Chamberlin & Keaster LLP
Contact Us

Los Angeles
16000 Ventura Blvd
Suite 700
Encino, CA 91436
T: (818) 385-1256
F: (818) 385-1802

Emerging Issues

March 2015 Monthly Review

            “Thought” of the Month:  Seen—Sign in store window:  “Any faulty merchandise will be cheerfully replaced with merchandise of equal quality.”

 

            TEXAS GETS IT RIGHT

 

            In Re Deepwater Horizon, No. 13-0670, Texas Sup.  The Texas Supreme Court finds BP Exploration and Production covered as an additional insured.  In doing so, the Texas Supreme Court applies reason to the “8-Corners” Rule allowing the Court to consider the related underlying contract.  Further, the Court upholds the idea that a party named as an additional insured in connection with performance of a contract is insured only to liability arising out of the insured contract.  We believe this is an important decision because in “8-Corners” jurisdiction, insureds often argue that no other information may be considered.  The counter to that argument is that the Court (and we believe the insurer) can consider “what” is being insured.  Further, the insurer should not be hamstrung by “artful” and/or “over-inclusive” drafting. 

 

            TENNESSEE COMPLAINT SEEKS TO APPLY ABSOLUTE POLLUTION EXCLUSION

 

            Great Lakes Reinsurance the MP & T Hotels, LLC, et al., Case No. 3-14-cv-2018.  This is a case to watch and may fall under the adage, “be careful what you wish for . . .”  In its Complaint, Great Lakes apparently seeks to exclude coverage for injury arising out of a hotel patron that was allegedly injured to noxious fumes in connection with pest extermination.  While at first blush the verbiage in the exclusion “release or escape of soot of smoke, vapors, soot, fumes . . .” may seem to apply,  many Courts have refused to apply the absolute pollution exclusion when those “fumes” are in connection with the spraying of pesticides finding that the vapors do not constitute a pollutant but are integral with pesticides.  See MacKinnon v. Truck Ins. Exchange, 31 Cal. 4th 635.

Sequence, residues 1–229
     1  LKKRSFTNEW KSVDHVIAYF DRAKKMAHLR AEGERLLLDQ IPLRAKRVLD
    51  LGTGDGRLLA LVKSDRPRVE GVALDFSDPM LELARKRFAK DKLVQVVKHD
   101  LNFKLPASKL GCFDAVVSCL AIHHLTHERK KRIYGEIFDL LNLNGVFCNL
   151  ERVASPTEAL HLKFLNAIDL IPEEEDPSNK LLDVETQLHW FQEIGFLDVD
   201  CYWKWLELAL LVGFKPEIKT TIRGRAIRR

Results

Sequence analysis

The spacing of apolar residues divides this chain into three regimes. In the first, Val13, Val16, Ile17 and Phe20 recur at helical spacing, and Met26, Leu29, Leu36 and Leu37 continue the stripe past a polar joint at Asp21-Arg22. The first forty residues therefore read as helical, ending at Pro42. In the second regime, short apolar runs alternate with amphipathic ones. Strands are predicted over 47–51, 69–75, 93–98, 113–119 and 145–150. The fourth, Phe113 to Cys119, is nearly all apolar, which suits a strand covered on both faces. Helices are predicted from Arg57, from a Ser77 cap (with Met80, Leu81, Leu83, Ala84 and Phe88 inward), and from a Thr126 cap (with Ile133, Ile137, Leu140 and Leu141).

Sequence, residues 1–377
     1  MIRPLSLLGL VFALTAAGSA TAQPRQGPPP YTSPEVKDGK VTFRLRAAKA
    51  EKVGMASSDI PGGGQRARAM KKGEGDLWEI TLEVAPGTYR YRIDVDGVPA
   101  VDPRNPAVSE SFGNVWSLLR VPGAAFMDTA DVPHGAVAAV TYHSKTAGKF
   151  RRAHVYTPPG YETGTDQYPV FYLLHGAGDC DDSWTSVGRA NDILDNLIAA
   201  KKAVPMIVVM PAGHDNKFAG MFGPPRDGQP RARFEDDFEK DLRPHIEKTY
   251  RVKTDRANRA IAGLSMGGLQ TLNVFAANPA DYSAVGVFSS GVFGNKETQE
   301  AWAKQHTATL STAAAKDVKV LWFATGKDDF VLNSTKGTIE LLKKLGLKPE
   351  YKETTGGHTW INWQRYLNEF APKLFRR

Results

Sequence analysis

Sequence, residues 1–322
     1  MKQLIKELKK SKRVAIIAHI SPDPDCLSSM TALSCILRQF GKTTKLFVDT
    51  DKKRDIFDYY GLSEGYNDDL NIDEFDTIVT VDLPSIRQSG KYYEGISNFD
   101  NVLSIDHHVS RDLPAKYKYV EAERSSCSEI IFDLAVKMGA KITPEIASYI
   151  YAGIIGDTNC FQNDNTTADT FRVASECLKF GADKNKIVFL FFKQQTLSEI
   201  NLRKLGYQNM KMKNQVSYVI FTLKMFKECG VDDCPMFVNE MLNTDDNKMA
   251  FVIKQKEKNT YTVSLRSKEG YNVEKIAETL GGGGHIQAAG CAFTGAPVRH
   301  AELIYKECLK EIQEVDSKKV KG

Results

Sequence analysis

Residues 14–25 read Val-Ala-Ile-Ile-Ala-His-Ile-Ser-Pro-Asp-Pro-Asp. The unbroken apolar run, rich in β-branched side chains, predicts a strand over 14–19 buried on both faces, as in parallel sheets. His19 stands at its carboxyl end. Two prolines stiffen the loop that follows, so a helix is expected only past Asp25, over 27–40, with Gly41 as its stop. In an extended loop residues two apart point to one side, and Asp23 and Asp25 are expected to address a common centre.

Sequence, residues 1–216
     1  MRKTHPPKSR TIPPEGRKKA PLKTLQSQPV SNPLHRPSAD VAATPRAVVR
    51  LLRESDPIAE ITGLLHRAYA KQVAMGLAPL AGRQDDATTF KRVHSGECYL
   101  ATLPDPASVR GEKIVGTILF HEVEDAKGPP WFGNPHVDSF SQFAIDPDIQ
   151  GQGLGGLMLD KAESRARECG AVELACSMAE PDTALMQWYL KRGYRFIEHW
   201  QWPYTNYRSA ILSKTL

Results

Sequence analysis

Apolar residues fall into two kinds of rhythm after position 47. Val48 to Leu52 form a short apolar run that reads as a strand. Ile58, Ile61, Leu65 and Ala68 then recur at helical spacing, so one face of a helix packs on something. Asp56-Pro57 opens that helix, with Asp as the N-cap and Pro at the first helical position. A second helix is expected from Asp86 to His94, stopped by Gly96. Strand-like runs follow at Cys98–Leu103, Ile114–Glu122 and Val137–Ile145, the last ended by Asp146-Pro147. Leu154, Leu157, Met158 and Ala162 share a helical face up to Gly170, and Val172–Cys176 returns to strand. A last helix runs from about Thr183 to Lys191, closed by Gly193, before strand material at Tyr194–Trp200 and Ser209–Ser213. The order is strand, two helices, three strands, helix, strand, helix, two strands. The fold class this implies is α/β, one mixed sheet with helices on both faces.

RHODE ISLAND CASE TO WATCH

 

            Seaton Insurance Company v. Yosemite Insurance Company, No. 15-cv-00040, D. R.I.  In this case Seaton Insurance Company is suing Yosemite Insurance Company for failure to pay under a reinsurance agreement.  As most everyone in the industry knows, reinsurance recoveries can be difficult.  Our experience shows that the best “practice pointer” is to involve the reinsurance company as early as possible in the claims, billing, settlement and/or resolution process. 

 

            MICHIGAN LAW “INITIAL DISCHARGE” RULE NOT APPLY TO LANDFILLS

 

            Decker Manufacturing Corp. v. The Travelers Indemnity Company, Case No. 1:13-cv-820.  In finding coverage not precluded by the Sudden &Accidental Pollution Exclusion, the Federal Judge provides good explanation of Michigan law which holds that the “initial discharge” rule does not apply to landfills.  Rather, in Michigan, the focus is on the discharge from the landfill (which, in our view , has nothing to do with the insured).  We feel Michigan law on this subject appears to be result driven and has not been followed by many other jurisdictions.

 

            NEW MEXICO FEDERAL COURT SAYS NO TO STACKING

 

            Mid-Continent Casualty Company v. I & W, et al., No. CIV-11-0329.  With no clear applicable law in New Mexica, the Federal Court, looking to other jurisdictions, found property damage occurring from 2000-2009 to be a single occurrence.  Further, occurrence is defined as “an accident, including continuous or repeated exposure to substantially the same general harmful conditions” precludes stacking of occurrence limits. 

 

            NEW JERSEY COURT FINDS NO BAD FAITH AS A MATTER OF LAW

 

            Joseph Dooley and Elizabeth Dooley v. Scottsdale Insurance Company, No. 12-1838, D.  N.J.  Applying New Jersey law, stating that “[t]o show a claim for bad faith, a plaintiff must show the absence of a reasonable basis for denying benefits of the policy and the defendants knowledge or reckless disregard of the lack of a reasonable basis for denying the claim,” the Court found no bad faith as a matter of law.  Practice Pointer – disputed question of law rarely result in a bad faith finding; disputes over facts run a greater risk of a bad faith finding.


  « Back to Emerging Issues